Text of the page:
We have a little bit of time before we have to begin filling the pipeline for 2011 and at this point, I would suggest we're probably going to be at 9% growth again but reserve the right to accelerate that if we see a turn in consumer behavior and consumer confidence in the next, let's say, five to six months.

Operator

Your next question comes from the line of Dan Wewer - Raymond James.

Dan Wewer - Raymond James

Tony, a few years ago you guys were talking a lot about the silver mile strategy in an approach to reduce your occupancy cost. In your prepared comments you did note that your new store volumes are running in line with your plan. But could you remind us how your budgeting first year sales with the silver mile strategy compared to the gold mile strategy? And then also in terms of are we seeing the benefits in reducing occupancy expenses that you were anticipating?

Anthony F. Crudele

Yes, a couple points on that, Dan, and then I can turn it over to Stan for any other additional comments. But generally when it comes to sales the differential between the golden mile and the silver mile is not significant. So we did not anticipate either a decline or an increase in the sales level for store.

The sales level for store generally is driven by the location of the stores. And in some areas of the country they're going to be a little bit lower sales volumes, other areas there'll be higher sales volumes. So that really is more the driver than the silver and the golden mile.

Relative to the silver and golden mile, the silver mile we would expect to have lower costs and we have seen that as we've had a shift to the silver mile from, I believe we were up to about 60% or lower, I guess, when it came to the silver mile and shifting to the silver miles. We have seen an expense reduction. Stan, if you wanted to add any points to that.

Stanley L. Ruta

I think you covered very well, Tony. We did quite a bit of analysis before we really started focusing on the silver mile and at that time, Dan, really didn't see any significant difference in store volumes in the markets we served. Of course, usually the smaller markets, the distance between the golden mile and the silver mile is just across town or down the road. So it continues to be a good strategy for us. It's helping us maintain good store growth at a reduced cost.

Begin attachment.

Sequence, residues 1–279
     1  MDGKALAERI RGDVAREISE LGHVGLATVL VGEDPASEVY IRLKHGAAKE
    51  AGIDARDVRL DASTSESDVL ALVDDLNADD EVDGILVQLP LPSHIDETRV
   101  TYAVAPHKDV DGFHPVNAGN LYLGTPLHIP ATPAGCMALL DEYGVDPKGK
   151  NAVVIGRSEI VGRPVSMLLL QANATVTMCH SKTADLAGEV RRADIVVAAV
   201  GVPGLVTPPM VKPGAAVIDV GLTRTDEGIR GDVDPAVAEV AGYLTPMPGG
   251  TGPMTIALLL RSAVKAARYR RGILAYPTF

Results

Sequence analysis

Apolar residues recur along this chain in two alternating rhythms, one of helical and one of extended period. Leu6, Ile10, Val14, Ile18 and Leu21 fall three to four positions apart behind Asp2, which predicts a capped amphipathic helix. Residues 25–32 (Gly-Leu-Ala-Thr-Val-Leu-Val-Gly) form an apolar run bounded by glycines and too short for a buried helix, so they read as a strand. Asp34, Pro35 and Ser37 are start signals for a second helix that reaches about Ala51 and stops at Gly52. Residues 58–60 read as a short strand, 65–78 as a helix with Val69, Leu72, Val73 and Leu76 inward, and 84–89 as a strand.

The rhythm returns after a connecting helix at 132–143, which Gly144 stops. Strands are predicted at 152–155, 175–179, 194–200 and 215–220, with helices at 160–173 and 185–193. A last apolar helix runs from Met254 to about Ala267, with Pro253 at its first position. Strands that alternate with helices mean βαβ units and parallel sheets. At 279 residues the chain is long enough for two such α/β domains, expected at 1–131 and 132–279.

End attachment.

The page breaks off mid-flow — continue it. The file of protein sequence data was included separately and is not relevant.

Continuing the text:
Dan Wewer - Raymond James

Can I just have a follow-up question, if I could? I think that you noted that suddenly the pet food prices were actually increasing year-over-year. Was that at the wholesale level to you or Tractor being able to push through the price increases on pet food?

Gregory A. Sandfort

This is Greg. Dan, it is a combination of really the prices holding in some cases or slightly becoming elevated and us literally as we've always done kind of move with the market as the cost would increase.

We're not seeing a real deflation yet in pet food. And that's something that we're watching closely. But there have been some slight increases. We've taken advantage of those and moved with the market. And we also, with you, anticipate the first half of the year possible some prices coming down. But we really just don't know at this point.

Operator

Your next question comes from the line of Robert Higgenbotham - Goldman Sachs.

Robert Higgenbotham - Goldman Sachs

I wanted to dig into gross margin a little bit. And Tony touched on much of this. But I’m hoping for some incremental color. When you talked to the third quarter performance, you broke out the 70 bips of impact from freight, certainly a big number. The overall FIFO margin was up nearly 200 basis points. I'm wondering if you can help us quantify or at least sort of bucket those other two factors between better markdown performance and vendor support.

James F. Wright

Yes, Robert. Basically what we've seen is - and from our internal reporting we break these out and why I try not to get too granular when it comes to the specific break outs is because a lot of times you allocate either vendor support or promotions or discounts as part of the direct margin. And so I try not to get too granular as far as how we break that out.